Rental dispute raises more questions about Montana Dem's finances

Rental dispute raises more questions about Montana Dem's finances
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A complicated rental dispute raises new questions about Montana Democratic House candidate Rob Quist's personal finances.

Quist is running in a closely watched special election next week to replace Interior Secretary Ryan Zinke in the state's sole House seat. Quist's campaign has been dogged by his past financial problems.

The latest dispute centers on a barn owned by Quist's family that he has framed as a turnaround project, repeatedly denying that it is a rental property.

But a Montana woman told the Missoulian on Friday that she's been paying rental payments to Quist's wife to stay in an apartment in the barn, even though Quist's tax returns given to the Associated Press do not show any rental payments.

Quist has distanced himself from the property. Property records pulled by the Missoulian show that Quist's daughter, Halladay Quist, owns the title for the barn while his wife, Bonni, holds power of attorney over the property.

That could be why Quist's wife's name is listed on the rental payments, and, as long as she then sent the money to Halladay, there'd be nothing wrong with the arrangement.

But the campaign did not provide the paper with any proof that she did transfer that money to her daughter, the titleholder, telling the paper that Quist's daughter should not be dragged into the campaign.

"Bonni and I paid our fair share of taxes this year and every year. One of the reasons I got in this race was to go to Washington and fight for tax cuts for people in Montana who work for a living, not transplanted New Jersey millionaires,” Quist said in a statement to the paper, referencing the state Republican candidate Greg Gianforte left to move to Montana nearly 20 years ago.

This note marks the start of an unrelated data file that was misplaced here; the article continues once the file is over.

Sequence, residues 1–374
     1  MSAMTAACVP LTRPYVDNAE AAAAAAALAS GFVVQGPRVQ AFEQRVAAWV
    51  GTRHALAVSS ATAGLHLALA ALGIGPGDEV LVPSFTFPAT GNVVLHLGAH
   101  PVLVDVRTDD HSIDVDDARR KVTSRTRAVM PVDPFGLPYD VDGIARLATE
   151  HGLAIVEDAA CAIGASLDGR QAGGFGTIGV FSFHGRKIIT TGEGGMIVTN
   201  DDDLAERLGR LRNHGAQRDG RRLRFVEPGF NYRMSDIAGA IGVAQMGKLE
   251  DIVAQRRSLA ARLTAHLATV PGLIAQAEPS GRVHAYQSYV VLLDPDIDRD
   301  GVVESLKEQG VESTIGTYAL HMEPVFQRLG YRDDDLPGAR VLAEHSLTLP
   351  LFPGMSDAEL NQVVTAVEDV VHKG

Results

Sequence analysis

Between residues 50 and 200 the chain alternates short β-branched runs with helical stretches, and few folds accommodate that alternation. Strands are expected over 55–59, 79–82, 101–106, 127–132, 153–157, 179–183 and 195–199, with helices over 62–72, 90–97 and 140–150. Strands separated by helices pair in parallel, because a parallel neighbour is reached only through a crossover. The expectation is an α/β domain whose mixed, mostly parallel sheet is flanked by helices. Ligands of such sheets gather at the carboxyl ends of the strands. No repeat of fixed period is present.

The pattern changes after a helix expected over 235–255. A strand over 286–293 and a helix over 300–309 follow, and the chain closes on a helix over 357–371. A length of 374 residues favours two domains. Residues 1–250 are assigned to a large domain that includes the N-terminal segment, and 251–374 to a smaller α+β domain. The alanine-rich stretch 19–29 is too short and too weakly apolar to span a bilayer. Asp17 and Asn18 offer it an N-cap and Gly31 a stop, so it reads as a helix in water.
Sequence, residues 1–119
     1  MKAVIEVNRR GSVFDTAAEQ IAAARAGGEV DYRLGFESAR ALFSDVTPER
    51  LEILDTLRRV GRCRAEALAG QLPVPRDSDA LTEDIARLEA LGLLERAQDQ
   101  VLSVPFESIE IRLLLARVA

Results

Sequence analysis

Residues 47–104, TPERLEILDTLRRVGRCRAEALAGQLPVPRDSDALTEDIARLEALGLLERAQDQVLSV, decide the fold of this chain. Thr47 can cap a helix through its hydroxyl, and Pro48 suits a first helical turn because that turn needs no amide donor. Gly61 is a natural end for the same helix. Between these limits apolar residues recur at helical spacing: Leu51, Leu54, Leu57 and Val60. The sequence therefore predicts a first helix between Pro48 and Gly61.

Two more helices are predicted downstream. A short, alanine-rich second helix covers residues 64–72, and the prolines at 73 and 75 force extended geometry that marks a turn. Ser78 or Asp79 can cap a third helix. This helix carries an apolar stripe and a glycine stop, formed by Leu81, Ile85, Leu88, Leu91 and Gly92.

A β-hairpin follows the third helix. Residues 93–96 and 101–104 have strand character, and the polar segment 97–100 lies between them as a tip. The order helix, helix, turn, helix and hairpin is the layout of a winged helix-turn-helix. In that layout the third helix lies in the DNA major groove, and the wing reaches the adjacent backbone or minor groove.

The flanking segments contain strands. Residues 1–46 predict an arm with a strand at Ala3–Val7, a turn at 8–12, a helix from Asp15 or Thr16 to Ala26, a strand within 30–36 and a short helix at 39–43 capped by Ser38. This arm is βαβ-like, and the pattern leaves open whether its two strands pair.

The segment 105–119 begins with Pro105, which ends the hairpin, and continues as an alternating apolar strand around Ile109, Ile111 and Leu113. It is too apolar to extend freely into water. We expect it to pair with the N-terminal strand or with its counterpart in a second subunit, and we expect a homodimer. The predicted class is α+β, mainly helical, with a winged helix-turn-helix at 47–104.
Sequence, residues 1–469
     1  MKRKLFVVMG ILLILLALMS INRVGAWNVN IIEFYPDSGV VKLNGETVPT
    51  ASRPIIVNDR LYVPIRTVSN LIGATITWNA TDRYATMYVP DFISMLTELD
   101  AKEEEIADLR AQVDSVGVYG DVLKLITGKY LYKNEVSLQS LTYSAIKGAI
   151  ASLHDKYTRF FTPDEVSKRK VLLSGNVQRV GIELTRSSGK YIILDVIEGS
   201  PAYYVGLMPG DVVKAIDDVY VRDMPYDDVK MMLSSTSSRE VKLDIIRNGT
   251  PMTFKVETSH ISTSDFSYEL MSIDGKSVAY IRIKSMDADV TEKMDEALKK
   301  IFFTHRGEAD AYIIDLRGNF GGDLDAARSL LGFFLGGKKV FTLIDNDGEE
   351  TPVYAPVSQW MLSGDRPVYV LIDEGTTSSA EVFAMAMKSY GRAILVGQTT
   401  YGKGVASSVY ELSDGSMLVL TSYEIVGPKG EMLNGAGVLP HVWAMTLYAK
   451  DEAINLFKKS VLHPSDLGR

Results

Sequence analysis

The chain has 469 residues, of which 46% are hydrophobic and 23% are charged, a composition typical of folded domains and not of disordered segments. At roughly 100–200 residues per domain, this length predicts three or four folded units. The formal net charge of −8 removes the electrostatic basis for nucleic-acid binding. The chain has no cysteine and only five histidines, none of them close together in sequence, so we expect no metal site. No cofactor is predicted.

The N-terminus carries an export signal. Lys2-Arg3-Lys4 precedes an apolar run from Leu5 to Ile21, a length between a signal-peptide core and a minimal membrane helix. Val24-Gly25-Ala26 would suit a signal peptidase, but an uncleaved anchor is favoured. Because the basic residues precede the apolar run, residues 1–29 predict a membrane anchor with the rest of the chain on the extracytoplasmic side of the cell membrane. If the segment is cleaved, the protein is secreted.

Tina Olechowski, Quist's communication's director, brushed aside the story in a statement to The Hill.

"This is a baseless attack on the reputation of a hard-working Montana family that pays their fair share of taxes like everyone else. The next six days Rob will focus on Greg Gianforte’s support of the disastrous DC health care bill that would raise costs for consumers, eliminate health coverage for 70,000 Montanans, and end protections for pre-existing conditions," she said.

Republicans have seized on the report in the final days before the Thursday election. The Republican National Committee, the National Republican Congressional Committee and the Congressional Leadership Fund, a super PAC tied to the House GOP leadership, fired off the story to reporters, noting that rental income must be disclosed and taxed under federal law.

Montana's special election for the historically red district has drawn millions of dollars in outside spending and larger-than-normal donation hauls as Democrats look to turn the round of early 2017 special elections into a referendum on President Trump. But much of Quist's success has come without help from Washington Democrats, as the national party has kept its distance even despite an onslaught of ground-cover from Republican groups.

Quist announced Thursday that he has raised more than $5 million for his election, an eye-popping sum for a Democrat in that area, especially one that isn't relying heavily on the party for support.

While Gianforte holds leads in all public polling, his lead has thinned in recent polls.